# Robots and Cell Phones

Task:  If three robots make 17 cell phones in 10 minutes, then 12 robots can make how many cell phones in 45 minutes?

Research Question(s):  How do we develop students’ problem solving skills using rich word problems

Lesson Goal/Objectives:

SOL 8.3 The student will solve practical problems involving rational numbers, percents, ratios, and proportions.

The basis for our group’s lesson is to involve students in a meaningful activity that they can understand in real terms.  The problem involves explicit and implicit relationships among the variables.  Students will be given the time and resources to explore and discover different methods of solving the problem, as they work together in groups.  The focus is to follow the key principle concepts of teaching proportional reasoning, as described in Developing an Essential Understanding of Ratios, Proportions & Proportional Reasoning (2010).  The goal is to set a high standard for instruction, wherein lessons are designed to be challenging, but where students feel supported in their own methods of discovery and not that they are expected to follow only one specific strategy.

Another key principle is the formulation of significant assessment tools.  In our lesson, we include a warm-up to first assess the students’ understanding of explicit relationships.  At the conclusion of our lesson, we administered a short assessment on their understanding of implicit relationships among the variables, requiring a higher level of understanding of proportional reasoning and the relationship among the various terms in the problems.

In developing our primary lesson, the group also followed the steps outlined by Van de Wall in Teaching Student-Centered Mathematics, Volume III (2006).  Van de Wall describes eight steps that should precede all planning in a problem-based lesson; 1) articulate the ideas you want students to learn from this lesson; 2) modify the lesson to your students and what they may or may not already know or understand; 3) identify the specific tasks you want them to accomplish, but keep it simple and at their level; 4) predict what answers you think they will find; 5) let students know they will need to articulate and explain their work; 6) start the lesson providing some direction, as we will with our warm-up; 7) identify what might be a challenge for many students, and be prepared to provide the minimum guidance so they can discover the answers on their own; 8) consider how the students can best share their ideas and work, whether that is presenting to the entire class or sharing with the table next to them, as we will do in our lesson.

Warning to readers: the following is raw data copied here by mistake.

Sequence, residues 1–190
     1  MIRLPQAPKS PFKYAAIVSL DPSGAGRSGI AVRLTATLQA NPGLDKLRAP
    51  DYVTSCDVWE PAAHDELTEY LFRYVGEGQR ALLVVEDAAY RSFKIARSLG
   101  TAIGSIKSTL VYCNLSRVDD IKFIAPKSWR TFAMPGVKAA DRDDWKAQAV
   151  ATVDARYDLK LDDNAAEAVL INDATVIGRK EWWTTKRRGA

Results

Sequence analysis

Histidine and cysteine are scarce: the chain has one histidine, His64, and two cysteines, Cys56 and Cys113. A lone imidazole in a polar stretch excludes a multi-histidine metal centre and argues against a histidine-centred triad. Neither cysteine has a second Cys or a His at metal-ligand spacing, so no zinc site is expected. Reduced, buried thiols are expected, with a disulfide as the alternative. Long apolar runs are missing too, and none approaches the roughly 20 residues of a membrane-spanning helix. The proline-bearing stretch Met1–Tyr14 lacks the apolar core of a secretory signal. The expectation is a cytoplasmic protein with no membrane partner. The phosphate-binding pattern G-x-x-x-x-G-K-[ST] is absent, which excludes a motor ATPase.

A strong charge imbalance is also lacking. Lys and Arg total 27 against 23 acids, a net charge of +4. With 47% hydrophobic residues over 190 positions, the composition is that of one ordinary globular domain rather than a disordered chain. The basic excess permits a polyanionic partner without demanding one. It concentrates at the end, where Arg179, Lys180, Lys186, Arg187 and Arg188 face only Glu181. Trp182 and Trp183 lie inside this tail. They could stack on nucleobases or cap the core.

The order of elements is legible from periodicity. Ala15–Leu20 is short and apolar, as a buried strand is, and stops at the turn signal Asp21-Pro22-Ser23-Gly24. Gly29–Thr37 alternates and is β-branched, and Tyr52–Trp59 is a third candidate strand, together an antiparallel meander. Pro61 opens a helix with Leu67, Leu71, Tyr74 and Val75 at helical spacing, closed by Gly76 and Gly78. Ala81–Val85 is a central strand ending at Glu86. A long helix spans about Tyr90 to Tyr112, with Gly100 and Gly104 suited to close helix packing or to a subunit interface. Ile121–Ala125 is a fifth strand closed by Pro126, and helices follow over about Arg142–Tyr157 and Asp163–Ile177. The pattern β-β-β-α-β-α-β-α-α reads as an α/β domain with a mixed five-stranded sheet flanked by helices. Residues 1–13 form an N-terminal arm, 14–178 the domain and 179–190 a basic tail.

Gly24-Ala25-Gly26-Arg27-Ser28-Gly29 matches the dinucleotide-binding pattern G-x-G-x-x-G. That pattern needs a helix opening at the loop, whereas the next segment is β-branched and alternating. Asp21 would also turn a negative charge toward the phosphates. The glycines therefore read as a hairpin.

Relationship between this Lesson and Mathematics Content Standards for VA SOL: vertical and horizontal connections:

Foundational Objectives:

SOL 7.4 The student will solve single-step and multi-step practical problems, using proportional reasoning.

SOL 6.1 The student will describe and compare data, using ratios, and will use appropriate notations such as , a to b, and a:b.

Essential Questions and Understandings:

How do proportions show a relationship of equality between two ratios?

How can proportional reasoning be used to solve practical problems?

Students will understand that there are different ways to represent the proportional reasoning used to solve a problem.

Students will understand that proportions use ratios to show a relationship of equality.

Problem:  If three robots make 17 cell phones in 10 minutes, then 12 robots can make how many cell phones in 45 minutes?